A Python 2.4 (or later) decorator can be used to watch for unhandled exceptions, even in hybrid environments like wxPython. You place the decorator around methods that will be invoked by the wxWidgets code. The only big trick is a dance that may be necessary to provide access to values only available after the wxPthon app is started.
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import wx, os, sys errorframe = None def watcherrors(function): '''function decorator to display Exception information.''' def substitute(*args, **kwargs): try: return function(*args, **kwargs) except Exception: error_type, error, traceback = sys.exc_info() mb = wx.MessageDialog(errorframe, '%s\n\nClick OK to see traceback' % error, 'Error in Run', wx.OK | wx.CANCEL | wx.ICON_ERROR) if wx.ID_OK == mb.ShowModal(): mb.Destroy() from traceback import extract_tb trace = ['%s line %s in %s:\n\t%s' % ( os.path.split(filename), line, fun, text) for filename, line, fun, text in extract_tb(traceback)] mb = wx.MessageDialog(errorframe, '\n'.join(['%s\n' % error] + trace), 'Run Error w/ Traceback', wx.OK | wx.ICON_ERROR) result = mb.ShowModal() mb.Destroy() raise # Optional-- you may want to squech some errors here try: substitute.__doc__ = function.__doc__ except AttributeError: pass return substitute # You can use it as follows to wrap functions and methods: ''' class .... @watcherrors def something(somearg) if somearg is not None: raise ValueError(somearg) ... ''' # Alternative: (watcherrors is defined almost as above) def augmentedwatch(holder, framefieldname): def watcherrors(function: '...' # -- same as above def substitute(*args, **kwargs): try: return function(*args, **kwargs) except Exception: error_type, error, traceback = sys.exc_info() ### new code: errorframe = getattr(holder, framefieldname, None) '...' # -- same as above return substitute return watcherrors # You use this as follows to wrap functions and methods, where # holder is an expression at "first import" time that will, at # the time of one of the uncaught exceptions, have an attribute # named 'frame': ''' class .... @augmentedwatch(holder, 'frame') def something(somearg) if somearg is not None: raise ValueError(somearg) ... '''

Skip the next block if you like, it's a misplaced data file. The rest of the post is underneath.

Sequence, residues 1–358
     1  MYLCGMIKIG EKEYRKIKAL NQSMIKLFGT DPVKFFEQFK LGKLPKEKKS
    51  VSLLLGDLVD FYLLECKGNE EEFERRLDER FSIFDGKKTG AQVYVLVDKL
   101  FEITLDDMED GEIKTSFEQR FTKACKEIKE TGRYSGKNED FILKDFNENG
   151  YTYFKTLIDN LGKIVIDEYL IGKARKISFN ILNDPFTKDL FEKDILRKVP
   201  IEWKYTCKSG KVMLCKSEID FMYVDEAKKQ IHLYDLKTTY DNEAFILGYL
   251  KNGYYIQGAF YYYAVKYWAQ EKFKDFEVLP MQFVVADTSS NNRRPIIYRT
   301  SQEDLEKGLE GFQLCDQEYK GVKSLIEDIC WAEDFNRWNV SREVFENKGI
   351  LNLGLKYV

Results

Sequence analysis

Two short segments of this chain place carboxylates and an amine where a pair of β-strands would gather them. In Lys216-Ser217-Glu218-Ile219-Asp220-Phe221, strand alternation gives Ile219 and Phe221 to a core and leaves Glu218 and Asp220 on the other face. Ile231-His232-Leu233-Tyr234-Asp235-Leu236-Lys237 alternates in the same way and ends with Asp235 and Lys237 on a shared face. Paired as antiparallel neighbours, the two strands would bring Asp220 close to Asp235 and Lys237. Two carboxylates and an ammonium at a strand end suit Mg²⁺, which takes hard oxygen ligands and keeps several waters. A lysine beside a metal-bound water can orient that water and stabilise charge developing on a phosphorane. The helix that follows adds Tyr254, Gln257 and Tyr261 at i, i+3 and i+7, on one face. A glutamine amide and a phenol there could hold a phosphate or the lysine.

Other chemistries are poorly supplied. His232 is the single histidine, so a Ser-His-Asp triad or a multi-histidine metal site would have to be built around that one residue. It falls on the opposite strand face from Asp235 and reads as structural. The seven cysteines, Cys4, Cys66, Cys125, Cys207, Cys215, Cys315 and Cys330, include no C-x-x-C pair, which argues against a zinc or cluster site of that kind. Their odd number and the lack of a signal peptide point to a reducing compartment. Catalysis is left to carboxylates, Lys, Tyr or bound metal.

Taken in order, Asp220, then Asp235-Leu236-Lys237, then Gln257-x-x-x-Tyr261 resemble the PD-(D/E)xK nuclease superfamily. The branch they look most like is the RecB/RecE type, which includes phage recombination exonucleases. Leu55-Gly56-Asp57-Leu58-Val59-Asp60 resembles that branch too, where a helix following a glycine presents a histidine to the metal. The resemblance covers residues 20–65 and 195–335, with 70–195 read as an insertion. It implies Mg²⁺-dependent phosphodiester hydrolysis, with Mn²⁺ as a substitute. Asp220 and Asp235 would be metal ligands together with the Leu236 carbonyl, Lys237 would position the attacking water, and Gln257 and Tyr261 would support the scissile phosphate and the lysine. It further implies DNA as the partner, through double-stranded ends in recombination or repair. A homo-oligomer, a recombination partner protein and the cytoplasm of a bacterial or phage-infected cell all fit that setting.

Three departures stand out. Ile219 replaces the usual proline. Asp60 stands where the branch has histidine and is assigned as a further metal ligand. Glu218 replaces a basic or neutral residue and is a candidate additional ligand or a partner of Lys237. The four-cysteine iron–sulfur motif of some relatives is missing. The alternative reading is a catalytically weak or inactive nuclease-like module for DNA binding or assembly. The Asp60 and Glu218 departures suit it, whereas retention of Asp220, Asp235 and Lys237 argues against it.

Wrapping the code this way allows you to say, watcher-by-watcher, where to get the parent for the message box. You will know which of your methods will need to be wrapped; only those tied to wx events. "watcherrors" gets any information it needs from globals in the module defining watcherrors. Often, that is not such a great idea.
In case the "watcherrors" technique doesn't work for your code structure, you may need another layer of function-producing function (augmentedwatch) which knows where to get the data from. The 'holder' parameter needs to exist when the methods (or functions) are being defined. One possible holder is a class name already defined above in the same source. Another possible holder is a module name defined in an import statement, and a final possibility is an expression like "__import('__main__')".
Again, for augmentedwatch, the 'holder' expression is evaluated when defining the function or method. However, holder need not have the 'framefieldname' field appropriately defined until the moment the exception is caught.